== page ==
Hey guys! It's Kaitlyn. This blog post is written by one of Invisible Wave's amazing ambassadors, Sarah Sheppard. Thank you Sarah for this amazing post!
It’s been awhile. Hope you are all doing well and dealing with the crazy changes over the last two years. Currently, where I am in my health ‘journey’ is in limbo. Pretty much the same place I was the last time I wrote a piece. Hovering between two worlds; between chronic pain and actually having a life.
Before I talk about my present I want to tell you about something positive from the past. I had my hysterectomy last November 2020. It was an emotional decision but I had come to the end of the road and had no other choice. I’m unbelievably happy I did it though as I finally got the answers I was searching for so long. My uterus, fallopian tubes and cervix were removed. My right ovary was kept so, fortunately, I have not had to be on any hormone treatment. After my insides were examined, I had an appointment with my doctor who gave me the results. My uterus was riddled with endometriosis, but on a cellular level so it never showed up on scans; also I had severe cervicitis which would explain the pain during sex and the recurring urinary tract infections. I don’t think my words can explain the joy of validation after so many years of being ignored and abandoned by so many doctors. I have definitely had many moments of baby fever and realizing that one making a choice about having a baby is one thing, but having that choice taken away from you forever is very different. There has certainly been times where I have mourned that but my pelvic pain has been reduced by about 50-60% which is wonderful.On a personal note: when I was medically allowed to have sex again - I was terrified. But, for the first time in four years, I was able to make love to my husband and not be in agony. We cried together in happiness. It has been the best result of the surgery because, I believe, intimacy with our partner is so important to our happiness.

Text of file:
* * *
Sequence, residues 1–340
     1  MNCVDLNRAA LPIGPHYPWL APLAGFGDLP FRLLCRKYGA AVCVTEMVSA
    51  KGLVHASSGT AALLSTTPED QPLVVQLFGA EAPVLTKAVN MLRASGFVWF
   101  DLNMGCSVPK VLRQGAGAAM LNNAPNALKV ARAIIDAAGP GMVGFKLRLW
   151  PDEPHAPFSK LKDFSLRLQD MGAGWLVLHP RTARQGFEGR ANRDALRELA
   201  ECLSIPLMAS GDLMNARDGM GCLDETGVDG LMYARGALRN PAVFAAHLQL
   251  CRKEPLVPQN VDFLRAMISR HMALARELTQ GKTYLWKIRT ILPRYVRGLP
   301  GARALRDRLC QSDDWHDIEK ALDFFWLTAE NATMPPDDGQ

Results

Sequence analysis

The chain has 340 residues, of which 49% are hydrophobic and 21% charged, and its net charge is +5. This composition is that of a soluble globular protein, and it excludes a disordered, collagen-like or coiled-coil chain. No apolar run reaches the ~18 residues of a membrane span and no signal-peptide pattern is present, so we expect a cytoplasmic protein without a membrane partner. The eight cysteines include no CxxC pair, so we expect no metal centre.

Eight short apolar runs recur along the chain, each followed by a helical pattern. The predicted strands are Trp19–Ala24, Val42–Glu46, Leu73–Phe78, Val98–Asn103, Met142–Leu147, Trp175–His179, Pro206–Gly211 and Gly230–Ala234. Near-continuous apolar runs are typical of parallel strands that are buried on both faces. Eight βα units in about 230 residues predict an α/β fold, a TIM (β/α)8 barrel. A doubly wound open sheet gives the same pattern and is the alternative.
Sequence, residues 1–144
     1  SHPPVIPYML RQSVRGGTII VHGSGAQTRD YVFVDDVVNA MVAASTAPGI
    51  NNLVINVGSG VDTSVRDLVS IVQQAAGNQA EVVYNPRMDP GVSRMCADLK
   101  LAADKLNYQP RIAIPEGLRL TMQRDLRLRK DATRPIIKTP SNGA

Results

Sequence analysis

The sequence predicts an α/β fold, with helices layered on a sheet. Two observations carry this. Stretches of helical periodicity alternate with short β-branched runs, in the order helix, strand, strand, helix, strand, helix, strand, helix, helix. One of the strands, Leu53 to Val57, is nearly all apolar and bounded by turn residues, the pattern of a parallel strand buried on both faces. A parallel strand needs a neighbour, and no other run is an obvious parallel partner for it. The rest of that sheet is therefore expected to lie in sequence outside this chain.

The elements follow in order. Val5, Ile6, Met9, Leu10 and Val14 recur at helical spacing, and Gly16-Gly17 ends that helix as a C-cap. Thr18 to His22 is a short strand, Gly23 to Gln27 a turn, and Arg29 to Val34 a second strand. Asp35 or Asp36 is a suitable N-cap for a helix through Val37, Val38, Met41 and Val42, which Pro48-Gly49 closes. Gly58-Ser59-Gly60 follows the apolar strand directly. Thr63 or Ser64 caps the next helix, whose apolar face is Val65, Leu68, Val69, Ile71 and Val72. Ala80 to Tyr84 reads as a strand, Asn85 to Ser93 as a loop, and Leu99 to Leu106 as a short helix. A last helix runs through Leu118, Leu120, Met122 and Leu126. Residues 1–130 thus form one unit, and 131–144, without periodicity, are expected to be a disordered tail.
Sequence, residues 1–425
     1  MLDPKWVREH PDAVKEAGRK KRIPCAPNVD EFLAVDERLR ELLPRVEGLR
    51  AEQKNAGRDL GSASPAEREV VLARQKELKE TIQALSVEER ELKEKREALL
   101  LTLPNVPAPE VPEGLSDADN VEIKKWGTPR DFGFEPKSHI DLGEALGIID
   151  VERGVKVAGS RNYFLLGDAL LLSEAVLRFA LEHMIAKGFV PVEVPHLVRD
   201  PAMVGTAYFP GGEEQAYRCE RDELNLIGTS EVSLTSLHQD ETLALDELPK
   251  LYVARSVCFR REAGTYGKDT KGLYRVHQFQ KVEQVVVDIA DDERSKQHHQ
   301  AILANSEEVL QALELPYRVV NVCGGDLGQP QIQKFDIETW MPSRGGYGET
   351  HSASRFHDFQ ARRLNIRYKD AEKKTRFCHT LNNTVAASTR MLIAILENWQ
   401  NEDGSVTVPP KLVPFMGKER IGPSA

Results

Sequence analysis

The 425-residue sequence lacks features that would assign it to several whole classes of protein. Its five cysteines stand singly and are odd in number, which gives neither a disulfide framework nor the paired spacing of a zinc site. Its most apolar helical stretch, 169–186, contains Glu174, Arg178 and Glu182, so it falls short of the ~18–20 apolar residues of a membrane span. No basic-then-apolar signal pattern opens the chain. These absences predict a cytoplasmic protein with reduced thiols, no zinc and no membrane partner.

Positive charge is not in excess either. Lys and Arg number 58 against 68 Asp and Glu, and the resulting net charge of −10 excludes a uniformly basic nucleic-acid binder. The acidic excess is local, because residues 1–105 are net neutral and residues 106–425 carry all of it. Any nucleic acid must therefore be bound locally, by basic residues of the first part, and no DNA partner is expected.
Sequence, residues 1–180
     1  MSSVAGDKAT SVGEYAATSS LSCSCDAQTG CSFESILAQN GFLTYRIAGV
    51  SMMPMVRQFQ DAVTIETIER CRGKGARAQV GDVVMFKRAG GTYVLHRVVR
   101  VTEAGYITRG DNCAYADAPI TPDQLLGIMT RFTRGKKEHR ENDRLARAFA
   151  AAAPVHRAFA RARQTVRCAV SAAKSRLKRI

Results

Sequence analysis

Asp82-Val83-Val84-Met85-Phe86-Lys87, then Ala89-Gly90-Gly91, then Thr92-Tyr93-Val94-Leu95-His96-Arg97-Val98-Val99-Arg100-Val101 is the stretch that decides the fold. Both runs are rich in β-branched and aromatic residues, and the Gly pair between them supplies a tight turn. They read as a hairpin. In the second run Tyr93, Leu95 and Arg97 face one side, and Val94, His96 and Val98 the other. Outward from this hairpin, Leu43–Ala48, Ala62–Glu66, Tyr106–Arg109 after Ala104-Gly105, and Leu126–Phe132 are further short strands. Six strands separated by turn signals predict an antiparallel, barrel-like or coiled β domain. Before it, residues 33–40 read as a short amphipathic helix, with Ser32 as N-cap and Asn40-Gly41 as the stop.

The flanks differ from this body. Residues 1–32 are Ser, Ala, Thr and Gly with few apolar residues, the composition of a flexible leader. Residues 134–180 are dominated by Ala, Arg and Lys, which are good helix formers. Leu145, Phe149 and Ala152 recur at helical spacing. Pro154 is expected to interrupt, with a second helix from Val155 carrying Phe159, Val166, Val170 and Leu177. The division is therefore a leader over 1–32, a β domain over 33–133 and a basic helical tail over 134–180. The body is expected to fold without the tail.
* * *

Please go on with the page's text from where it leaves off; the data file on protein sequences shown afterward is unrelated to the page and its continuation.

So my pelvic congestion syndrome has been quiet for a while but recently I started getting slight pain on the left side of my abdomen again. As that can be a sign on a blown out vein, I contacted my Interventional Radiologist who said I needed an MRI to check on my pelvic veins. Also needed an updated scan on my spine and neck so we thought we’d bang them out together! This is where I discovered UCLA’s new procedure for booking them. If, like me, one has medical implants like a stent or coils (I have both) then you need to be ‘approved’ before you can book an appointment. This seemed a bit silly considering I have had two MRI’s since my implants were placed, but, I’m all for safety.